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Liberal Democrats

The Weekly Whip

More Brexit problems emerge this week, Lib Dems vote against the “tax-free-shopping” cut, and events in Myanmar and China continue to take turns for the worst.

By Peter Munro, Feb 05, 2021 1:02

Palace of Westminster.

Welcome to the Weekly Whip. Your one-stop shop for Lib Dem Parliamentary updates, covering the week that was and the week to come.

For up to date information from the Lib Dem Whips Office, follow us on Twitter: @LibDemWhips

Weekly Whip w/c 1st February

Monday 1st February

On Monday, strangely, there were no UQs or Ministerial Statements announced. This is the second week in a row where this has happened and, following the weekend’s news about Article 16 and vaccinations, MPs were a little perplexed.

This resulted in more time for MPs to debate topics that the Opposition chose for Opposition Day. For new readers, the Opposition receive an allocation of Parliamentary days to choose their own debate topics. This week they were:

  1. Protecting tenants and leaseholders from unsafe cladding
  2. Covid security at UK borders

Daisy Cooper and Tim Farron have been leading the way regarding the cladding scandal. Daisy took part in the debate for the Lib Dems, noting that families are still in a living nightmare three and a half years on from the Grenfell tragedy.

Alistair Carmichael took part in the second debate, criticising the government on their poor approach to border policy and the pandemic. The pandemic has been part of our lives for almost a year now and there is still no effective policy about how we prevent new cases from coming in overseas. New strains and variants don’t just take direct flights from the country from which they originate, we need to be vigilant about people coming into the UK from anywhere in the world.

Tuesday 2nd February

A UQ was accepted on Tuesday morning on the implementation of the Northern Ireland protocol. The reality of Brexit is beginning to emerge and tensions are rising. Alistair Carmichael took part in the UQ to challenge Michael Gove on the “teething problems” which he has previously shrugged off.

Stephen Farry MP, from our NI sister party, Alliance, also participated, following the vandalism attacks on his office the night before.

Munira Wilson took part in the Statement from Matt Hancock, where the Secretary of State gave a general update on the pandemic and the vaccine rollout. Munira followed up with the Minister for Vaccines later in the week, but she spoke to Matt Hancock about the mental health impacts of the pandemic on children during Children’s Mental Health week.

The final Statement before the main business concerned the coup in Myanmar. Layla Moran spoke to the Minister for Asia.

Wednesday 3rd February

Wednesday’s UQ was on what support is being provided to university students during the pandemic. Daisy Cooper, our Education Spokesperson, spoke to this.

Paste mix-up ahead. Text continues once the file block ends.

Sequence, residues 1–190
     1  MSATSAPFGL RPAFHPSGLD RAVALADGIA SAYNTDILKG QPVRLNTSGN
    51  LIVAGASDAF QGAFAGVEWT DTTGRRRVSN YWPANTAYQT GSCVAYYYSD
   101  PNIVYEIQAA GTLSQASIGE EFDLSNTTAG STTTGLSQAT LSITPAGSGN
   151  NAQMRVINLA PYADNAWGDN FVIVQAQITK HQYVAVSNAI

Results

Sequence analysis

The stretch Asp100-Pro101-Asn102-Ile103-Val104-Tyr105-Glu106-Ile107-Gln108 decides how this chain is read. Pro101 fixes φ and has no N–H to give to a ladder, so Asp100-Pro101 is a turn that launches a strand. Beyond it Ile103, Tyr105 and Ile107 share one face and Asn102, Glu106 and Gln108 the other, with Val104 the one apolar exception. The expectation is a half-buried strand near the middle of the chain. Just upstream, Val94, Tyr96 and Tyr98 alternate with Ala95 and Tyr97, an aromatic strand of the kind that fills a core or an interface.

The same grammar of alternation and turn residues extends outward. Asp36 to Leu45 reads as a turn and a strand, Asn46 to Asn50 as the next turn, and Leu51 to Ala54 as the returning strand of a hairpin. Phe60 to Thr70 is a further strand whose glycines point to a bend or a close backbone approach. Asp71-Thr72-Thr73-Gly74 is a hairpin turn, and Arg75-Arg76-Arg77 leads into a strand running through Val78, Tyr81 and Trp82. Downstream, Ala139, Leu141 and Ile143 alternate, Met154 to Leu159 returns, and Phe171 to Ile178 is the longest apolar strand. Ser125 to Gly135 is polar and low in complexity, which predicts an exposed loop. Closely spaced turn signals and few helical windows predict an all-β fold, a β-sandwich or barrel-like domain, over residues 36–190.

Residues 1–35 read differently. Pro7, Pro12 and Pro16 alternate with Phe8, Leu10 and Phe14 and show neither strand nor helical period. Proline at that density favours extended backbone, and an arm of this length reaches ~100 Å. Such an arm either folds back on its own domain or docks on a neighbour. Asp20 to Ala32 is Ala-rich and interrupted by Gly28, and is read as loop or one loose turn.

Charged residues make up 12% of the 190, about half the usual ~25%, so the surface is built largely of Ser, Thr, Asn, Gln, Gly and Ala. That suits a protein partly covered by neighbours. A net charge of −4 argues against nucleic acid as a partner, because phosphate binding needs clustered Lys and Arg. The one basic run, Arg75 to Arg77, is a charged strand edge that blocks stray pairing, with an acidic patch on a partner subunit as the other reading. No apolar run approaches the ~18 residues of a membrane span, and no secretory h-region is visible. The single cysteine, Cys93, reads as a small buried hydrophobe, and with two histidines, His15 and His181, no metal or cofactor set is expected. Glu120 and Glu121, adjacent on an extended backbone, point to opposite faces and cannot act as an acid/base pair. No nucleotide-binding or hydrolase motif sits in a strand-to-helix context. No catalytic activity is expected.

The main business for Wednesday required MPs to approve the rollover of numerous international sanctions following Brexit. Although this was uncontroversial and went through without objection, Layla Moran took the opportunity to speak about sanctions in a broader sense, especially given recent international events.

On Wednesday, MPs also voted on the rollover of VAT systems after Brexit. Again, this was mainly uncontroversial but there was one specific bit of legislation which Liberal Democrats voted against. The government has decided to cut the “tax-free-shopping” scheme that was in place for international customers, a hammer blow to retail. Christine Jardine, Treasury Spokesperson, led the charge for the vote and has been warning about this cut since it was first proposed.

Thursday 4th February

Thursday’s UQ was on the reports coming from Xinjang about the genocide of the Uyghur population. Alistair Carmichael spoke on this.

Wera Hobhouse attended the weekly Business Questions with Jacob Rees-Mogg.

Munira attended a Statement from the Minister for Vaccine Rollout.

Thursday is usually reserved for Backbench Business, an opportunity for backbench MPs to raise issues which don’t normally see the light of day.

The first debate was on the future of the UK Space Industry. This industry has a particular need for remote locations found in places like Alistair and Jamie’s constituencies in Northern Scotland.

The second debate was on the Towns Fund, which Sarah Olney participated in.

What you may have missed

What next?

Next week, MPs will be debating the Armed Forces Bill, more amendments to the Trade Bill, and emergency legislation will be coming to the House in relation to maternity leave for the Attorney General.

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